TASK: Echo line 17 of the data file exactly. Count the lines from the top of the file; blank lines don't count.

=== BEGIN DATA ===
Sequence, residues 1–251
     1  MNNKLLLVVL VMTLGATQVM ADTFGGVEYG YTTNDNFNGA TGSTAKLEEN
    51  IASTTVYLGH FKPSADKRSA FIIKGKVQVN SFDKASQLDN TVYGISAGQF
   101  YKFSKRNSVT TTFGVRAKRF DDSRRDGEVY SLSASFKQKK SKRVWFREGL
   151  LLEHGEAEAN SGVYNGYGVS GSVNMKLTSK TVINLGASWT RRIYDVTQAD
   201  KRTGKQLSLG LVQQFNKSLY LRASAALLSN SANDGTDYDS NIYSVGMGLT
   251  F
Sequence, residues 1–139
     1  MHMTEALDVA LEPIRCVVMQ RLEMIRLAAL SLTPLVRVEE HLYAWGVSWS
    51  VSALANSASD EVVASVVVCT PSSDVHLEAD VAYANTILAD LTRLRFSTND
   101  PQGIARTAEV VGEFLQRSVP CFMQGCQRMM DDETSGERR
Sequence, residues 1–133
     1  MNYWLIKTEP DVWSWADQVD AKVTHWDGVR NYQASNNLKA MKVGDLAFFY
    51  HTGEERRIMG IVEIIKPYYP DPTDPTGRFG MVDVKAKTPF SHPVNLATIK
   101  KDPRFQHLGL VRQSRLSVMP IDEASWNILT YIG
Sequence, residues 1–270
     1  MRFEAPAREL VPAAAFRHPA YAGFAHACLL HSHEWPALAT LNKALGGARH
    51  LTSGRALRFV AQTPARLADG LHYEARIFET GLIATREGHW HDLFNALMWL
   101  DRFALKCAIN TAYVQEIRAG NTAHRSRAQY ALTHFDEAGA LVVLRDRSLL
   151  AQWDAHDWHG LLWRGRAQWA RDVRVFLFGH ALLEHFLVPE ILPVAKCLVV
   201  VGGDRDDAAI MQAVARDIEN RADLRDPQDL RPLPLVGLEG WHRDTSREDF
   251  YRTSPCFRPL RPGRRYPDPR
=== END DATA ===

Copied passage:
     1  MRFEAPAREL VPAAAFRHPA YAGFAHACLL HSHEWPALAT LNKALGGARH